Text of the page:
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spring 2002

Imagine the luxuries of the twentieth century vanish. Automatic washing machines, microwaves and central heating disappear in an instant. Could you live without amenities such as the telephone, that we so casually take for granted? Telephones in every room and every shape, even cell phones you carry on your hip or in your purse. And phone lines for private use, modems -- even a separate one for the teenager in the group.

A microwave, the first purchase my husband and I made as a married couple, continues to ease my daily workload. I don't want to consider life without it. Same with my hot water heater, refrigerator, and washing machine. However, some household appliances definitely take up more space than I can justify.


by Karin Kuhlmann

Dishwashers I can do without. Before we had children, I enjoyed washing the dishes after work. I found it cathartic doing something mind-numbing, but essential. Now that I have children, I still can't justify forking over enough money to feed my family for two months to have a machine wash my dishes. After a long day at school, my children help me tidy the kitchen and wash the dishes. They tell me things in side by side conversations they'd never share point blank. They interact with each other, while feeling a needed and necessary part of our home.

My sister-in-law can't grasp how I cope with four children and no dishwasher. She doesn't see how I involved my children when their noses barely reached the counters, praising their efforts to "help Mommy" -- even though the mess they made meant more work for me. Toddlers consider splashing in a sink of soapy water the height of entertainment, and they don't realize most people consider washing dishes a chore.

After drying the aftermath of a week-long camping trip -- sleeping bags, jeans, and sweatshirts -- my dryer threw up an awful stench, blackened the wall around the electrical outlet and groaned to a halt. We hauled its carcass to the curb to await the garbage man. Family and friends told me to get a new one while they prodded my husband towards the appliance store, telling him I wouldn't be able to cope.

We decided only an energy efficient model would do as a replacement. Since we couldn't afford that, we agreed to try a year without a dryer. Thus began 12 months of laundry flapping in the summer breezes and dripping in the basement during rainy and winter weather.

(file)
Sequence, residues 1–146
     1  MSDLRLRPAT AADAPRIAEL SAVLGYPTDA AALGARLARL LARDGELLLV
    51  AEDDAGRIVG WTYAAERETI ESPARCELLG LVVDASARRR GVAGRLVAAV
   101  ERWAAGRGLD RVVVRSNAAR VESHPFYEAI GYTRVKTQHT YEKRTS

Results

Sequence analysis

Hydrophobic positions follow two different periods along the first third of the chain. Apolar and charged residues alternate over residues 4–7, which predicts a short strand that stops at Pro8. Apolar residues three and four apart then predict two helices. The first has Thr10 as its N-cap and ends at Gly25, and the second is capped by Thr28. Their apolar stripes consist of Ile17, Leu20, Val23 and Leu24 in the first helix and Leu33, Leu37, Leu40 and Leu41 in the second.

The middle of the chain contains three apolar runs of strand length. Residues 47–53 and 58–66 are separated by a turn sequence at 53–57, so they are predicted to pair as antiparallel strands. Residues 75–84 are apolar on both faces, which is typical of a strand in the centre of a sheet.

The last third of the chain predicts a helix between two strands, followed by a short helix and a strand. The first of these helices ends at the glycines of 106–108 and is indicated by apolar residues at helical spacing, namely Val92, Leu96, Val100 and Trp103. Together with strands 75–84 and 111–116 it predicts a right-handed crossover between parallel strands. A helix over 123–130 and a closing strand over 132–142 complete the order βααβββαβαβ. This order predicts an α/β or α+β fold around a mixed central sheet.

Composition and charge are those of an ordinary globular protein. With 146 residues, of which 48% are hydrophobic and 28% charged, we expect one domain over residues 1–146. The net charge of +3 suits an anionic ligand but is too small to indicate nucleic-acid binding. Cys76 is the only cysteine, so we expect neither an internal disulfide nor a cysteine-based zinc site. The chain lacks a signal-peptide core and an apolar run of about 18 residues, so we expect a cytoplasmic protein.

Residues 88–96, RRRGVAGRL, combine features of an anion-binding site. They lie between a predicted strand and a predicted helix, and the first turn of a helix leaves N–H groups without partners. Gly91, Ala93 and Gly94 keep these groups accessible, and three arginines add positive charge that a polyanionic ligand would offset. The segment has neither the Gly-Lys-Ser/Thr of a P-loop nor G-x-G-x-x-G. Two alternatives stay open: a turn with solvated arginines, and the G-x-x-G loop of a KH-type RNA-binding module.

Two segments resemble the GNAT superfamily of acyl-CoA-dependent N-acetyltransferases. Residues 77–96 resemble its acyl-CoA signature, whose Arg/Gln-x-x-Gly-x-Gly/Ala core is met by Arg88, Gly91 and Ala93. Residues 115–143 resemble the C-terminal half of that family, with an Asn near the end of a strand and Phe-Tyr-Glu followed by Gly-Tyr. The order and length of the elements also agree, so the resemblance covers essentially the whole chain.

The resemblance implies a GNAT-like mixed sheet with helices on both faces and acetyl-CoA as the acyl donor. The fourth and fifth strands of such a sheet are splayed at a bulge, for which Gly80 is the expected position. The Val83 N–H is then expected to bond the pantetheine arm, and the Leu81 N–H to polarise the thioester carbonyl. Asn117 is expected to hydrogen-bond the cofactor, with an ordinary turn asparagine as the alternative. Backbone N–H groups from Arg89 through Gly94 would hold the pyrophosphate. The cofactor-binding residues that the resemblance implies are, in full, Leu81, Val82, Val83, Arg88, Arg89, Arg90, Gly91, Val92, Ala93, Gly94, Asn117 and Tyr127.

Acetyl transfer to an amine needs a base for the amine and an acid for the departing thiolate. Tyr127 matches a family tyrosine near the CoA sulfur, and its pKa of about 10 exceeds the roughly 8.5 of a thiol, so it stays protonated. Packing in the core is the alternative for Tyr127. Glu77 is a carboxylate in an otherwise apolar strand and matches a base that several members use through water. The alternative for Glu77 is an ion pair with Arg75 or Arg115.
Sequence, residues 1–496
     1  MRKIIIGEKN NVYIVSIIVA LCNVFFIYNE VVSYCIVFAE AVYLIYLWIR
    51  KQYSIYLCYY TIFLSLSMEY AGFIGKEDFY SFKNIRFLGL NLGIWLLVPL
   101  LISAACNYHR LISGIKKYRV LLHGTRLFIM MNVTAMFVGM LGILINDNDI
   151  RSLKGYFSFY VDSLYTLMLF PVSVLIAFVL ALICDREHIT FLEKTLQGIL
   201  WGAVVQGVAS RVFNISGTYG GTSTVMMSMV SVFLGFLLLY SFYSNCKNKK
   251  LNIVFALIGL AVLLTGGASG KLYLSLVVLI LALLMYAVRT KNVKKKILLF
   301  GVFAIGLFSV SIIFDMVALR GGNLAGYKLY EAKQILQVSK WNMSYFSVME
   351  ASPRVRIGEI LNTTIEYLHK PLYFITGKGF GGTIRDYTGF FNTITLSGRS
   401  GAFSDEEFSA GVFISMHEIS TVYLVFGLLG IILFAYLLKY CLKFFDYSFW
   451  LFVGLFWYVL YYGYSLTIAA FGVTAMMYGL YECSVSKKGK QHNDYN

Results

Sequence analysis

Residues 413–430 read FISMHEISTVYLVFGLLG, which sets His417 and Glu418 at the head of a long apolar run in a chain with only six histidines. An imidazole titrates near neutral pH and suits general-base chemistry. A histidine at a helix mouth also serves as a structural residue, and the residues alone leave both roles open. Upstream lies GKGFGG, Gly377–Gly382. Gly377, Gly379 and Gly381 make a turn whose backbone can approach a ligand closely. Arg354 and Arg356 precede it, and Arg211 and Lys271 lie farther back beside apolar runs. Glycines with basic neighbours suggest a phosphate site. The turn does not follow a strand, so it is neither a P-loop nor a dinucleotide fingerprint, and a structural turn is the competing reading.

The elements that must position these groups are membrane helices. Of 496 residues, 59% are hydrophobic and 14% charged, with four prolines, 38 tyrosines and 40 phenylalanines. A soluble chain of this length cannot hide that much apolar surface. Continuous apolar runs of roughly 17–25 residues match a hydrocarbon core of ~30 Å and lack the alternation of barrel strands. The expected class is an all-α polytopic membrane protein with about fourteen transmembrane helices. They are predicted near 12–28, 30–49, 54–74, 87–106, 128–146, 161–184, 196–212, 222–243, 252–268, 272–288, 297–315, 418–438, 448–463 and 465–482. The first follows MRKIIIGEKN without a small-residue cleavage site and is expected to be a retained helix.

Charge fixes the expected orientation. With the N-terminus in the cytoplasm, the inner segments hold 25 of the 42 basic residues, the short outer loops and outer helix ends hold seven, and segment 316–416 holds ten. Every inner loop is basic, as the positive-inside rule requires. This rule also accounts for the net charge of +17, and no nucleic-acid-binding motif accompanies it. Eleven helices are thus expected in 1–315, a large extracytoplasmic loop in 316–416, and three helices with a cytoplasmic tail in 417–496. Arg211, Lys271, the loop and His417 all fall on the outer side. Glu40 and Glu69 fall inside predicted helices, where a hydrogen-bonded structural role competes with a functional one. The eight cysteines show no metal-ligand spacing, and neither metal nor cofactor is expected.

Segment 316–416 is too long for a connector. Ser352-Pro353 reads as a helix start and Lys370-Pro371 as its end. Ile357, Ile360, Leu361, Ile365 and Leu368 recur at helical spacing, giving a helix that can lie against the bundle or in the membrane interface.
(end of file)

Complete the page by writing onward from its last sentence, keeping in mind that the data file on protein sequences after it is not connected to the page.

We quickly discovered a hidden benefit of wet laundry in the house. Before our dryer's death, we ran vaporizers, trying to add moisture to the winter air to ease skin and breathing problems. Our doctor told us the average Canadian house is dryer than the Sahara desert. Using the furnace fan, the moisture dispersed through the house and eliminated our need for a vaporizer.

Our clothes aren't as soft as those dried in a dryer, and any dress shirts need to be ironed. I wash every second day to stay ahead of our need for clean clothes. But dryers can't duplicate that elusive smell of fresh air on clothes and bed sheets. The one-year experiment extended to two and we see no reason to invest in any dryer -- energy efficient or not.

Nothing more beautiful than a line full of clean sheets and a fresh mowed lawn. But, just as I don't want a dryer, I've discovered I can live without the expense of a lawnmower. Instead, we share one with a neighbor. Since my neighbor doesn't have kids, he stores our communal mower in his backyard shed. My shed, after all, clobbers me with a ski, skateboard, bicycle, or hockey stick every time I open the door. We contribute gas, a few batches of home baked cookies and friendship in the dead of winter. My older children mow our lawn and his -- when he lets them.

What other amenities don't we need? I vote to toss the television. But my kids outvote me on that one. No, not the microwave; it's this mother's little helper at mealtime. It's the difference between a hot supper after a day of kite flying vs. cold cereal. Definitely indispensable. Dishwashers, dryers, and lawnmowers aren't indispensable -- and we don't have to give up quality of life to live without them.

Bio: Julia Rosien earns a living as a freelance writer in southern Ontario. Her husband, four children, and two spoiled cats provide continual fodder for her essays and articles. Currently she teaches grade ten horticulture at a correctional facility for women and creative writing at a community college. Her work has appeared across Canada and the US in magazines such as The Christian Science Monitor, Whispers from Heaven, The Canada Lutheran, and Pregnancy.

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